"Anti" Magnetic water and Levitating Graphite by Diamagnetism

Uploaded by NurdRage on 27.02.2010

Greetings fellow nerds.
Quick question.
[dialogue on screen]
Most of you will answer C and you wouldn't be wrong,
after all in everyday life you'd notice nothing unusual about water and magnetism.
But interestingly enough the correct answer is B)
water is actually slightly repelled by a magnet.
This anti-magnetic property is called diamagnetism.
However the effect is extremely weak,
that's why most people don't know it's there.
To see it we need to build an extremely sensitive detector.
Luckily, this is brutally simple.
Just get a basin of water and then put into it a Styrofoam block.
It's going to move around a lot but this is actually a good thing.
The Styrofoam floats and because it's so light even the smallest force will push it around.
So try and build this away from drafts and moving air
and be careful that your own breathing doesn't disrupt it.
The water helps to dampen any stray motion.
Now get a test tube and fill it with water and push it into the center of the Styrofoam.
This is the water we're actually going to measure, not the water in the basin.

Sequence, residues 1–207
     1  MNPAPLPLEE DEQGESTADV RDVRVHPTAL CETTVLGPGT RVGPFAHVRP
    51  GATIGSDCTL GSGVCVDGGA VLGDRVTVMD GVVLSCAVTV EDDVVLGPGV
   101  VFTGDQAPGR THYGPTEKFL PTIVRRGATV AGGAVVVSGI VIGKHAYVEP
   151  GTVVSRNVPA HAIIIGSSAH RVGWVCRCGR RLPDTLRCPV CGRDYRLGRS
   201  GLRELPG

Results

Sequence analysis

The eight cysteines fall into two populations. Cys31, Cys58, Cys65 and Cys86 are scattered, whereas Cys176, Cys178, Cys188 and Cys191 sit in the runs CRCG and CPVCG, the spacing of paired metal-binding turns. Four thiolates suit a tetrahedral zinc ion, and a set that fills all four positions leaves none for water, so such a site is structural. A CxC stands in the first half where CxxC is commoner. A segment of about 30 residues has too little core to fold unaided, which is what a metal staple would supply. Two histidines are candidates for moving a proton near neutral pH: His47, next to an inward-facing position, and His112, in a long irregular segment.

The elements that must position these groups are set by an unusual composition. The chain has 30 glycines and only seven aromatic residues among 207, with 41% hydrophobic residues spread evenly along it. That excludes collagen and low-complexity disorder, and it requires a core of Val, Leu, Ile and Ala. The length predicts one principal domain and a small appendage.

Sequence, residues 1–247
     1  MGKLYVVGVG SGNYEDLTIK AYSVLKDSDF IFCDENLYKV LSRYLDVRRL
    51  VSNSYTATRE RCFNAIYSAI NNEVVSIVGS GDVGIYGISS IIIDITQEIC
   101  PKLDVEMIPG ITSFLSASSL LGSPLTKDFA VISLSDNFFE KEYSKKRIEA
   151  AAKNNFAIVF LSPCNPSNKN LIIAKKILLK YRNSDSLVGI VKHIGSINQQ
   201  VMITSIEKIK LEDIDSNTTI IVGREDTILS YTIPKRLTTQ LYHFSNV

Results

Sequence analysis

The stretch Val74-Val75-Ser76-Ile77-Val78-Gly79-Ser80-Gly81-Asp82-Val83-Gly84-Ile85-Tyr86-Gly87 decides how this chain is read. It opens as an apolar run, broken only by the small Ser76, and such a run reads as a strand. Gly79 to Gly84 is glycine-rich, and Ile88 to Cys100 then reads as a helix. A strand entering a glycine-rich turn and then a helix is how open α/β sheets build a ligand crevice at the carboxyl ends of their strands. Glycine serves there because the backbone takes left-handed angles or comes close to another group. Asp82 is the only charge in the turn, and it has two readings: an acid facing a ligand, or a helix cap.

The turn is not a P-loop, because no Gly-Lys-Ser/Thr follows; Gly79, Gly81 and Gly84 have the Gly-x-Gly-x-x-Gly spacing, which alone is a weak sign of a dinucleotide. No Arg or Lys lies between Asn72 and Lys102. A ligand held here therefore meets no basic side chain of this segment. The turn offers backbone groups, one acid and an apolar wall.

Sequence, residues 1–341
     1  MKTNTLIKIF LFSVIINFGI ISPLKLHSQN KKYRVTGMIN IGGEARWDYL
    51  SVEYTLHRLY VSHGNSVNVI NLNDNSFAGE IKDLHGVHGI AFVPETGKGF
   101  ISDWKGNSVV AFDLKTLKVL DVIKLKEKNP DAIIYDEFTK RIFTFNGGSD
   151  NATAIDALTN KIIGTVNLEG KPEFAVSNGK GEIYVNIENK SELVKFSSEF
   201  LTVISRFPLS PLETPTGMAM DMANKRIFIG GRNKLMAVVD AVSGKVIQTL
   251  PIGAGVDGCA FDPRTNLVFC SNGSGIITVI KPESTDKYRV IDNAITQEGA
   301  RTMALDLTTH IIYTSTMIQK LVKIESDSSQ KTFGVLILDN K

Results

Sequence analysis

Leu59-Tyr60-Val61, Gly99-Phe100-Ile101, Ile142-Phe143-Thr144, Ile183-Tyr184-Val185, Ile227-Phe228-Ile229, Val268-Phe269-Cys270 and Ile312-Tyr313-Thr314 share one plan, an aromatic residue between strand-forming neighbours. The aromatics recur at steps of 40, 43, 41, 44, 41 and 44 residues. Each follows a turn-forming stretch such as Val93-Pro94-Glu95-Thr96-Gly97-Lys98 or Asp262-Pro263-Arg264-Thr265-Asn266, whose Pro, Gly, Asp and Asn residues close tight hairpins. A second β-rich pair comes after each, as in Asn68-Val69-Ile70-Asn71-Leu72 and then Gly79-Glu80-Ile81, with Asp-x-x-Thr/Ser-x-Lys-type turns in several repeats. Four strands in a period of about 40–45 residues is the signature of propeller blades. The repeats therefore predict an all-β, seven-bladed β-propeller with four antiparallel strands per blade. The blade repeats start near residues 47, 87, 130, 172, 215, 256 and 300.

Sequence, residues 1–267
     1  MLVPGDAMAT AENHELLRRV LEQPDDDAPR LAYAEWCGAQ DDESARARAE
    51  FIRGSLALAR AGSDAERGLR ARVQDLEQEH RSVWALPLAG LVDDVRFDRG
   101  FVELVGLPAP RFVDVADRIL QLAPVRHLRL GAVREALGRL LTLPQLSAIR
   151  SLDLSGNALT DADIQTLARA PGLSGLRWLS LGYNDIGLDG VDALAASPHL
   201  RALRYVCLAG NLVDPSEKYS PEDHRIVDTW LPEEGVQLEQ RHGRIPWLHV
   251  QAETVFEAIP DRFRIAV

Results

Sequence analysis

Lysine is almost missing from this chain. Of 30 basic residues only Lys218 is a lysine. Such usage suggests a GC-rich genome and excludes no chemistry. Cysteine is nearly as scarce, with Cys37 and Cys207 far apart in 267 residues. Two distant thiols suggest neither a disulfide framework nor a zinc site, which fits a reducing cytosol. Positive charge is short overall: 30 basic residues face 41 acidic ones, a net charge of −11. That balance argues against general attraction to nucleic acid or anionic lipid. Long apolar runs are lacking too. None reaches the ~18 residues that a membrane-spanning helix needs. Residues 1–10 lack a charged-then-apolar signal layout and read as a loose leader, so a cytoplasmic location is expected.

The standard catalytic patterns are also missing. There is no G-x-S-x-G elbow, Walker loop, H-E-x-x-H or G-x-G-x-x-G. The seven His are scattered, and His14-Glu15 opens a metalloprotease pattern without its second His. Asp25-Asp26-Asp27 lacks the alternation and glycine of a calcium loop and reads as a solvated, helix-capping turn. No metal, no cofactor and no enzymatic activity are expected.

Now steady it and when it's still,
get a strong neodymium magnet
and hold it as close as possible to the tube without touching it.
Whoops, I hit it there,
let me steady it...
Ok let me try it again.
Slowly, but surely, it's moving away from the magnet.
It's an extremely weak effect, but it's happening.
A perceptive viewer will also ask about the glass,
and yes the glass is also diamagnetic and also contributes to the repulsive effect.
Now it doesn't matter the orientation of magnet,
there is no north or south in a diamagnetic material,
it will always be repelled by the magnet.
Now this video was time-lapsed, it actually moves a lot slower than this,
I’ll show you the actual speed at the end of this video.
Moving on, I’m going to show this special material called pyrolytic carbon.
Sometimes called pyrolytic graphite,
it's made by heating a hydrocarbon to decomposition temperature without oxygen.
Pyrolytic carbon is much more diamagnetic than water, and it's pushed around quite easily.
In fact, it can even support it's own weight.
I have here four strong neodymium magnets arranged with the poles facing up
but like poles on opposite corners.
This creates a magnetic weak spot in the center
where the pyrolytic carbon can be stably levitated.
As you can see with this sheet of paper, there is nothing underneath.
It doesn't matter what side it is, as said before,
diamagnetic materials are always repelled by magnetic fields.
Let me move the camera.
As you can see the sheet is levitating about a millimeter off the magnets
and a sheet a paper can be easily passed around it.
It can support of a small piece of tissue.
Superconductors are even stronger and levitate higher than water
or pyrolytic carbon but currently require very cold temperatures.
Pyrolytic carbon however works at room temperature and can be easily purchased online.
I've listed some sellers in the video description.
So that's the amazing property of diamagnetism.
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Alright, so this is the actual speed of the diamagnetic water experiment.
As you can see it's really weak.